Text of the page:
By Karen Freifeld
NEW YORK (Reuters) - New York Attorney General Eric Schneiderman has abandoned his effort to obtain damages from Bank of America Corp over its purchase of Merrill Lynch & Co, but plans to press on with the case, his lawyers said in court on Friday.
Schneiderman will seek to bar the bank's former chief executive, Kenneth Lewis, and former chief financial officer, Joe Price, from the securities industry and from serving on boards of public companies, according to his office. It was not clear what sanctions he would seek from the bank.
The 2010 lawsuit filed in New York state court by Schneiderman's predecessor, Andrew Cuomo, accused Bank of America of misleading shareholders about Merrill's losses and bonus largesse prior to a December 2008 vote on the merger.
Merrill posted a $15.84 billion loss in the fourth quarter of that year, even as it paid out $3.62 billion in bonuses. The merger closed in January 2009.
Last April, a federal judge approved a $2.43 billion class-action settlement on behalf of shareholders.
Under a 2008 decision by New York state's highest court, Schneiderman cannot recover damages on behalf of investors who have already settled.
"We're not seeking damages in this case," Philip Barber, a lawyer for Schneiderman, said at a status conference on Friday. "It has been a number of years and we're trying to move this to conclusion."
He said the office would seek a judgment against the defendants, but did not specify what it should contain. Lawyers for the bank and the executives said they would try to have the case dismissed before trial.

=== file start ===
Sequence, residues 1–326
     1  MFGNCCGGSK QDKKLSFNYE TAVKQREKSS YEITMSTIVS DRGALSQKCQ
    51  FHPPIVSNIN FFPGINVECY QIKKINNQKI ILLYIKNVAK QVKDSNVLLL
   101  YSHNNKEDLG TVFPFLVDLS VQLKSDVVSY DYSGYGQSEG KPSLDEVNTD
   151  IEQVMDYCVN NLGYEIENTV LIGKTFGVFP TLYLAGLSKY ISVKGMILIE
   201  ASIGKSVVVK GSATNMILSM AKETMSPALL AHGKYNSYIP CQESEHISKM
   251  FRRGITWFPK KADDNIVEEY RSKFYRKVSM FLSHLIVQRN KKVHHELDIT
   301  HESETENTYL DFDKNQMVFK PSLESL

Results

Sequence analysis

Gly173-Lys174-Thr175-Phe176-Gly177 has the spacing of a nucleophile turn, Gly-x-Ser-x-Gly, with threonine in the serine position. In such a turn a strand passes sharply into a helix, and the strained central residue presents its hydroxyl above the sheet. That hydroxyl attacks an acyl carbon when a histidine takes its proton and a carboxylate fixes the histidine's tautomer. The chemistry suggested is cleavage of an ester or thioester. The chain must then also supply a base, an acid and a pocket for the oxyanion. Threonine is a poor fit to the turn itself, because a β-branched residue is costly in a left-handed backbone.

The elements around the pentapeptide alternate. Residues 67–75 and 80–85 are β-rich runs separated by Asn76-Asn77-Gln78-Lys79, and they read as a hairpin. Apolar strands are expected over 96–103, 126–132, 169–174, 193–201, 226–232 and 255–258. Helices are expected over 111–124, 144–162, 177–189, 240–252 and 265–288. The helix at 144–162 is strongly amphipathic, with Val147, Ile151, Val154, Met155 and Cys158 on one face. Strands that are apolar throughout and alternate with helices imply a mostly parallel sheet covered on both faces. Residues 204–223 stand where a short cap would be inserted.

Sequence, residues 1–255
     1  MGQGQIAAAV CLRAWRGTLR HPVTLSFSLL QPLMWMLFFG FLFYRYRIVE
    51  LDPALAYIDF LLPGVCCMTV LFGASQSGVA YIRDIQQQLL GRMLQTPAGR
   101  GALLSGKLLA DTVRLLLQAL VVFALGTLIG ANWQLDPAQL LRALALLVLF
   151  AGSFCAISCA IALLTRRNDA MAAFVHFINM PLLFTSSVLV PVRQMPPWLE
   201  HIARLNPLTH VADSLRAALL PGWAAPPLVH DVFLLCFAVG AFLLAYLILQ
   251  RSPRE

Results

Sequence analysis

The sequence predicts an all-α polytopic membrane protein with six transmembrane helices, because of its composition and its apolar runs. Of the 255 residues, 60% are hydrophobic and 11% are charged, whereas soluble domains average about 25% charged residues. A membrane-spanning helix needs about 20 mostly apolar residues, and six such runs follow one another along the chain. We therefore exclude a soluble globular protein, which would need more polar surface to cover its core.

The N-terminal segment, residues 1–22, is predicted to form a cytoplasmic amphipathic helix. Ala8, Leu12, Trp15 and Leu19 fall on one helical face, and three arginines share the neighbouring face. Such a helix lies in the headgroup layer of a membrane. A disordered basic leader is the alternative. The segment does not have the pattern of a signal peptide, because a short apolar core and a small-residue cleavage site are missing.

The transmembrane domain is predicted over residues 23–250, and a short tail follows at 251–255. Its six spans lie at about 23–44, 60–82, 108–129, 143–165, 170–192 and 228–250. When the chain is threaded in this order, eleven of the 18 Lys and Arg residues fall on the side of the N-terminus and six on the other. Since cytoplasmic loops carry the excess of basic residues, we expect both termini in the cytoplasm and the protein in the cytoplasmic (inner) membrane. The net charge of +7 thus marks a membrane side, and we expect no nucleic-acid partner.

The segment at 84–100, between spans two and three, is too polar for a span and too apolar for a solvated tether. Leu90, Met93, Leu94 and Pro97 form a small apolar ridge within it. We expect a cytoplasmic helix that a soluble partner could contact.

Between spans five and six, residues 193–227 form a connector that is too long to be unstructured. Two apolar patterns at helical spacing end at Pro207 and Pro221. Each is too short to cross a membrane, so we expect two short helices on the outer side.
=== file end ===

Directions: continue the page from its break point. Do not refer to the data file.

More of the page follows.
Schneiderman, who became state attorney general in 2011, was criticized this week by people close to Cuomo for failing to get the case completed before the class action settlement.
Schneiderman's office told Reuters on Friday the $2.43 billion settlement in the class action had provided "great relief" to the investors, and that the private settlement used evidence gathered by the office.
The New York Times this week reported a deteriorating relationship between Schneiderman and Cuomo, and noted a battle over $613 million New York received as part of JPMorgan Chase & Co's $13 billion settlement with U.S. authorities over mortgage-backed securities.
A Schneiderman spokesman declined to comment on the relationship on Friday. A Cuomo spokesman did not return a call for comment.
Lawrence Grayson, a spokesman for Bank of America, declined to comment on New York's pursuit of the case. A lawyer for Lewis declined comment, and a lawyer for Price did not immediately respond to a request for comment.
The case is People v Bank of America Corp, New York State Supreme Court, New York County, 450115/2010.
(Reporting By Karen Freifeld.; Additional reporting by Jonathan Stempel in New York. Editing by Andre Grenon)